6 Steps to Build an Outdoor Fireplace

Susan Foster

Last updated Mar 2, 2024
Susan! The traveler and cheerleader of our team. She always has instant and backup ideas. She is our DIYs and blog specialist.

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There is no doubt how much we love winter. All of us wait all year long for this season. It brings us vacations, festivals, and families together. The only drawback of this season is, the weather limits your outdoor life. 

An outdoor fireplace can be a solution to this phenomenon. The fireplace will deliver you the necessary warmth to sustain the adverse weather. And you can enjoy the festive season outside of your home as well. Moreover, an outdoor fireplace allows you the option of cooking so you can have the year-round benefit from it.

There are many convenient options for outdoor fireplaces that are ready-to-use. Besides that, there is another way to facilitate your outdoors with a fireplace, which is DIY an outdoor fireplace for your landscape. DIY’s are always cost-effective, easy and fun to do. 

That’s why we have formed the exciting DIY idea of making an outdoor fireplace. Let’s start by counting the benefits of an outdoor fireplace. 

Benefits of An Outdoor Fireplace 

  • Gives warmth when you are staying in the second space of your home. Let you enjoy the 
  • Allows you to enjoy an extended outdoor life so you can have more time on your patio or backyard with your loved ones.
  • An outdoor fireplace allows you to cook outdoors. You can organize the best parties if you have an outdoor fireplace. 
  • With a source of warmth, your backyard gets the vibe of liveliness.
  • An outdoor fireplace adds light to your space. 

Where To Start 

Before starting up the DIY process, there are some formalities you have to meet first. 

Local Rules

First of all, check the local codes and guidelines for making a fireplace outdoors. Your outdoor fireplace will use wood as fire fuel. It will make smoke and ashes. Some neighbourhoods may have objections to that. There are also some remarkable safety reasons with a wood-burning fireplace. But by filling up some formalities and maintaining local regulations, you can own an outdoor fireplace easily. So before stepping up for any project, make sure you consult with the concerning authority. 

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Choosing A Right Place

Then the thing that comes before the main process is choosing an appropriate place. Whatever the size of your fireplace is, make sure it is away at least 10 to 20 feet from your main household area. If you have an existing patio or sitting space and it’s at a safe distance, try to select a space around it. Doing that will make the whole set-up complete. In addition, it will save you from investing extra bucks for seating arrangements.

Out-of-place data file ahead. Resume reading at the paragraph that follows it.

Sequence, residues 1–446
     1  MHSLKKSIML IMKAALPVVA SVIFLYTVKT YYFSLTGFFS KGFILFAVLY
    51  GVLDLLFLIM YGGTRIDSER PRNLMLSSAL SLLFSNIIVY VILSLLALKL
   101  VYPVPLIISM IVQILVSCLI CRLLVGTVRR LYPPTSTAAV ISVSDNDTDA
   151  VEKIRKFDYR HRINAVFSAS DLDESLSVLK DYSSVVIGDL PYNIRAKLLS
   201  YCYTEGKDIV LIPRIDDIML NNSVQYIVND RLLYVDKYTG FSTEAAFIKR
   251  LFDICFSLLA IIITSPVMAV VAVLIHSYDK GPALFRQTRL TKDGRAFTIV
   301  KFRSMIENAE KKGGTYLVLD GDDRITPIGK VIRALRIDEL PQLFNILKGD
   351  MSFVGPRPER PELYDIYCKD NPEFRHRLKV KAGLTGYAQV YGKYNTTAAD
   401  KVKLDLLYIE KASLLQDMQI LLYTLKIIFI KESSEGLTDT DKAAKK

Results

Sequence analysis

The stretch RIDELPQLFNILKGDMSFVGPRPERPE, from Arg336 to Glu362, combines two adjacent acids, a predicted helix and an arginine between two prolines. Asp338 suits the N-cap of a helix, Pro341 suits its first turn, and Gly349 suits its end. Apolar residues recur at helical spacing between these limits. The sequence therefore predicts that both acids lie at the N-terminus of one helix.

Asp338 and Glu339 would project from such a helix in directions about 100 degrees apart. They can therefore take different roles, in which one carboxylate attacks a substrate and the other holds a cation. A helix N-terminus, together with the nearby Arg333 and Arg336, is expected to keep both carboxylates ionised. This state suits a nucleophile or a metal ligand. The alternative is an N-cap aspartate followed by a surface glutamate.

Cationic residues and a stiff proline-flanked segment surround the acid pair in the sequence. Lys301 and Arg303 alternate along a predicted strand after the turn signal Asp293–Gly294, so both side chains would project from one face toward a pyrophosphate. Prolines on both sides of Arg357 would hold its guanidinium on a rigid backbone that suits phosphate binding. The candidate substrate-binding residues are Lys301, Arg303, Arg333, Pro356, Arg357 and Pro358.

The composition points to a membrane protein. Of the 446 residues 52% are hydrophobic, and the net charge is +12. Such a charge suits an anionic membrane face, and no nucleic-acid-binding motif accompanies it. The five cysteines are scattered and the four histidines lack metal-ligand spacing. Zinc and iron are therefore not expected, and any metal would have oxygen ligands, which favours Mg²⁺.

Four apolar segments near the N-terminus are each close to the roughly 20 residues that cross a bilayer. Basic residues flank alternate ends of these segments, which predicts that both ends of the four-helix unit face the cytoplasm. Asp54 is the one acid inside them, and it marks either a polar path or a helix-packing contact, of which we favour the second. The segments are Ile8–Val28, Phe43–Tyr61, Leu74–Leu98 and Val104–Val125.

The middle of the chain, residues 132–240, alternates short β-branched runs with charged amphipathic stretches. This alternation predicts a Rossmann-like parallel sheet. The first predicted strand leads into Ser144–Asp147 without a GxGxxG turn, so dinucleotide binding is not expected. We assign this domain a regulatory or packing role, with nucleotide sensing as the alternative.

Material tools for building outdoor fireplace

Then, it would be best if you chose a place with good ventilation. Try to choose mostly an open place with enough clearance from trees or branches. However, an open place means a place with the least gathering of any easily combustible object. Here you have to keep balance with the windy weather too. Other than that, choose an even surface for construction. If the place is bumpy or has bushes, then prepare first.

Materials and Tools 

You will need the following materials and tools for DIY an outdoor fireplace

  • Brick/Stone/paver
  • Fireproof bricks
  • Cement caps
  • Stain/ marker
  • Measurement tape
  • Lumber wood
  • Wood saw
  • Leveler
  • Hammer and nails
  • Shovel 
  • Steel frame bar
  • Pea gravel
  • Sand 
  • Masonry glue
  • Hand gloves

Step 1: Preparing The Place

After the selection process and tools arrangement, it’s time to prepare the place for the construction. First, you have to reclean the place after the primary clean up. Remove if there are any objects like tree trunks. Uproot them and make the surrounding place clear. 

Step 2: Taking The Measurement

Now take the measure of expected fireplace dimension on the grounds. Using a measurement tape measures the width and length specification. Take a marker or stain to highlight the measurement. Leaving at least a 1-foot place around all sides is better. Now take the shovel and start to dig around under the measure. Dig at least 6-inch deep.